What Every Employee Needs to Know About 401(k) Savings
- Learn the benefits of 401(k) plans.
- Find out how your savings can grow in a 401(k) plan.
- Learn about 401(k) employee matching programs.
- Find out how much the average American has in their 401(k).
- Discover the questions you need to ask yourself about how you want to live your life post-retirement.
Are you familiar with 401(k) retirement funds? Have you established a 401(k) savings?
More and more employers are offering 401(k) plans as an employee benefit. Do you have the option? Are you currently taking advantage of it? If not, it may be time to rethink your savings strategy. Not only do these popular plans offer the advantage of using pre-tax dollars (and thus lowering your taxable income each year), but they are also a simple way to ensure that you’re putting away money regularly, without having to give it a thought once you’ve set up the plan. Some employers provide that you may participate in the 401k immediately upon being hired.
However, even if you have to satisfy an employment period requirement, once you’ve done so the amount that you’ve elected will automatically be deducted from your paycheck and deposited into your retirement savings account. All you have to do is decide how much you want to set aside each week. The answer to that question is entirely up to you. It should be based on what your goals are, as well as variables like your living expenses and your age.
How does your 401(k) savings grow over the years?
The closer you are to retirement age, the less time you have to save. So, you may want to bump up the amount that you deposit. Because the money that you invest will compound, the sooner you start investing the better.
To give you an idea of how money can grow, consider the difference between investing $3,000 a year at an 8% annual return for 30 years – which would add up to $340,856 – versus only saving for 20 years, which would leave you with just $137,752. You also need to keep in mind that there is an annual maximum amount that you are permitted to contribute. Fortunately, that number increases each year. For 2022, the limit is $20,500 ($27,000 for those over age 50 and over).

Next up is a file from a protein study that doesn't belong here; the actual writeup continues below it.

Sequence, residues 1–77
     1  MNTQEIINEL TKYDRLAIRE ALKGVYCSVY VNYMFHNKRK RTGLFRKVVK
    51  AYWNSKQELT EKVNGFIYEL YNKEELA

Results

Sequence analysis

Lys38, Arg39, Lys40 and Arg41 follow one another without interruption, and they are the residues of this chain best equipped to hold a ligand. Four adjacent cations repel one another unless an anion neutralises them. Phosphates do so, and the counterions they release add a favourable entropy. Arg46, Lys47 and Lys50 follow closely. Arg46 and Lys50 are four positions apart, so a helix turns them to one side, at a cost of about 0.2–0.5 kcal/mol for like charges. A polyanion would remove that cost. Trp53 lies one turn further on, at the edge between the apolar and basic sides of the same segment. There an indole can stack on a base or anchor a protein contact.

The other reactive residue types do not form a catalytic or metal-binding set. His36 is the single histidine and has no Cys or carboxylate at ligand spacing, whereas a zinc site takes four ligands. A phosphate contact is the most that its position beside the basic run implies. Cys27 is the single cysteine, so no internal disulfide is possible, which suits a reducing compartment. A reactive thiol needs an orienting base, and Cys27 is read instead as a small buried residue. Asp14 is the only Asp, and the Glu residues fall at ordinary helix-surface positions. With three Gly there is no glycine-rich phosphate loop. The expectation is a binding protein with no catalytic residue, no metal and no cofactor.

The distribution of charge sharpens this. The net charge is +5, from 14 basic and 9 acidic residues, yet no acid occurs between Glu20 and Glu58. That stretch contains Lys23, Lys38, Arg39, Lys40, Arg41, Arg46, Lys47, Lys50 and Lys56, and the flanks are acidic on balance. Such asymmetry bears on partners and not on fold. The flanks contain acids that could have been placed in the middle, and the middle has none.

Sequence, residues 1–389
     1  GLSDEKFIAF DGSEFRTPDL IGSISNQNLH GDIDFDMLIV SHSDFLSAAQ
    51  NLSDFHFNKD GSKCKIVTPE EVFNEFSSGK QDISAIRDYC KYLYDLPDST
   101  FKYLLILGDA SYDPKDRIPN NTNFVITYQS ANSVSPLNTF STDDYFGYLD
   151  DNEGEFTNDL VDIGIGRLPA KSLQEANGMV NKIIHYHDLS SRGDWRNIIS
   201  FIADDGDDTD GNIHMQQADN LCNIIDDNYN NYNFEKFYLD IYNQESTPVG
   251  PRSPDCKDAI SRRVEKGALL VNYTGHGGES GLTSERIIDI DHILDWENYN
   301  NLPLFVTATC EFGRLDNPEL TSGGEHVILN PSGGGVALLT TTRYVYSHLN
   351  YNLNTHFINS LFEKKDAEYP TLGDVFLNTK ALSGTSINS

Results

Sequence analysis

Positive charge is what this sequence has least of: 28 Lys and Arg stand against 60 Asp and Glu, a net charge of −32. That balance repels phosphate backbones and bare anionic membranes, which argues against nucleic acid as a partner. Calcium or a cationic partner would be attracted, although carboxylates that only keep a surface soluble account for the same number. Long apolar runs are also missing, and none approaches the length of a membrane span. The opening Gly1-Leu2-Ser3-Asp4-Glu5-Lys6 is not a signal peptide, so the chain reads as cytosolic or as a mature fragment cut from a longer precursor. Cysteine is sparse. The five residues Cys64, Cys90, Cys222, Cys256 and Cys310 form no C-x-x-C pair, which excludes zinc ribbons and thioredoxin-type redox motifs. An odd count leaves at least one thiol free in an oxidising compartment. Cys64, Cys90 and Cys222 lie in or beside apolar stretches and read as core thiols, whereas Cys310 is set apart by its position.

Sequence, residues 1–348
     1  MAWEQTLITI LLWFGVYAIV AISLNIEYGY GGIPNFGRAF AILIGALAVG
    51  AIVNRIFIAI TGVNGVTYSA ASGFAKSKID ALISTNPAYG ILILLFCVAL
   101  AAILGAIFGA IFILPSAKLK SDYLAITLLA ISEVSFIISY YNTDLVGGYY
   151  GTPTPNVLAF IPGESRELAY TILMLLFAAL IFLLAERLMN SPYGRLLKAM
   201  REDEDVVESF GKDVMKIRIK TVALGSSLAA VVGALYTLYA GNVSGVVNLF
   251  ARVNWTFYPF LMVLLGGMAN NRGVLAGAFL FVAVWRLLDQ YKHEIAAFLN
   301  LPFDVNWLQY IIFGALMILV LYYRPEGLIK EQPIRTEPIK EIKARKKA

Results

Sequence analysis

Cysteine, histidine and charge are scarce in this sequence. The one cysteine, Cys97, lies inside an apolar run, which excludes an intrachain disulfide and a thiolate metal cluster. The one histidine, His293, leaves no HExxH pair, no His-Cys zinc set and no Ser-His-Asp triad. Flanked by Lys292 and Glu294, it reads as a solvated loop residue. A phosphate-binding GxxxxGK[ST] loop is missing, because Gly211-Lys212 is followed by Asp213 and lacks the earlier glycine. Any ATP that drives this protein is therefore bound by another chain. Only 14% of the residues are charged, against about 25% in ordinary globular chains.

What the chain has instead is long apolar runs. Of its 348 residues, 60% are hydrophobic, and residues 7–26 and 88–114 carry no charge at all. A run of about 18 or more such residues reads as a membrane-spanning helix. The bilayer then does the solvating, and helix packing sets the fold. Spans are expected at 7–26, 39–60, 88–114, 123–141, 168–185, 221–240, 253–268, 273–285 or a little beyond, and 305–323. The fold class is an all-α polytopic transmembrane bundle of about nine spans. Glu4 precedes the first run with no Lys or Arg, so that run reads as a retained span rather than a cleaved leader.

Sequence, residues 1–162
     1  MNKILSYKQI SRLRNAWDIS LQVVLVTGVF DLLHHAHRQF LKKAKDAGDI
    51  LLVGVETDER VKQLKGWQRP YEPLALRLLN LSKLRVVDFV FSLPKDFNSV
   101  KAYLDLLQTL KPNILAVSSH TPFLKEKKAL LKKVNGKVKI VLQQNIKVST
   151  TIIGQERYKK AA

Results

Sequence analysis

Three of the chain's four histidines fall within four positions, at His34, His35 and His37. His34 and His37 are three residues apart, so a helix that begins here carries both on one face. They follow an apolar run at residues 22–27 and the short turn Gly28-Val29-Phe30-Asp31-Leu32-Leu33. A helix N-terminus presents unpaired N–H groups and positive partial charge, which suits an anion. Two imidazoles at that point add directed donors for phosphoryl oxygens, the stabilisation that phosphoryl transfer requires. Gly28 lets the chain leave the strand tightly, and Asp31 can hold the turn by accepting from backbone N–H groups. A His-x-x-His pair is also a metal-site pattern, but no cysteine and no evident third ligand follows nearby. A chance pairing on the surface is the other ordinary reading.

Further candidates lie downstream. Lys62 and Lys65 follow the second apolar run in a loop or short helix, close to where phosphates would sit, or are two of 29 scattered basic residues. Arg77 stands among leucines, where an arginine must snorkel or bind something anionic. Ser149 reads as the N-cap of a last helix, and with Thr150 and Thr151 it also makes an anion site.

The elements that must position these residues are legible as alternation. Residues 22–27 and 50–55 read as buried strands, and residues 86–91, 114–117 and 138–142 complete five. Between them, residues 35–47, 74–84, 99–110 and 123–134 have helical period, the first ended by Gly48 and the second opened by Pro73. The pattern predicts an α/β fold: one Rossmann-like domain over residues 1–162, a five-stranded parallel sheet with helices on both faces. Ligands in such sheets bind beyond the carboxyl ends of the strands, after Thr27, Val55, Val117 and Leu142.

Employer Matching Programs
You’ll also want to consider whether your employer offers a match, and if so how much that match is. One of the advantages of the 401(k) type of savings account is that employers can match all or a portion of your contribution, but you need to make sure that you understand exactly how your individual program works. Some employers will only offer a match up to a certain point, and others will only match if you opt for a minimum percentage of your income. Most experts encourage employees to make sure that they are fully taking advantage of whatever match their employer is willing to contribute. Even if your employer does not match contributions at all (not usual, but not unheard of), you have the advantage of funding a retirement plan with pre-tax money. Therefore, in most cases, it makes sense to participate even if there is no employer match.
The Average American and Their 401(k) Savings
To give you a sense of how much the average American has in their 401(k) savings, consider the results of a recent survey conducted by Vanguard. It showed that those between the ages of 45 and 54 have an average 401(k) balance of $161,079 (median $56,722), while those who are between the ages of 55 and 64 have saved an average of $232,379 (median $84,714). The group that is closest to retirement – those who are 65 and older – do not have that much more than the group closest to them in age. They have an average 401(k) balance of $255,151 with a median of $82,297.
Planning for the Future
When thinking about your retirement and how you’ll fund your lifestyle, one of the most important questions you need to answer is exactly how you’re hoping to spend your golden years. If you plan to spend your time at home with family, you will need less than someone who plans world travel. If you don’t have access to a 401(k) account, a Roth IRA is another good option. Though the contributions that you make come from after-tax dollars, you are able to withdraw them and their earnings tax-free at any point after you turn 59 ½. The annual limit that you can contribute to a Roth IRA is currently only $6,000 ($7,000 for those age 50 and over), which is much lower than the $20,500 allowed each year for the 401(k) accounts.
It’s never too early to start saving for retirement, and there are plenty of good options available. Need guidance on how best to save? Call Fiducial at 1-866-FIDUCIAL or make an appointment at one of our office locations to discuss your situation.
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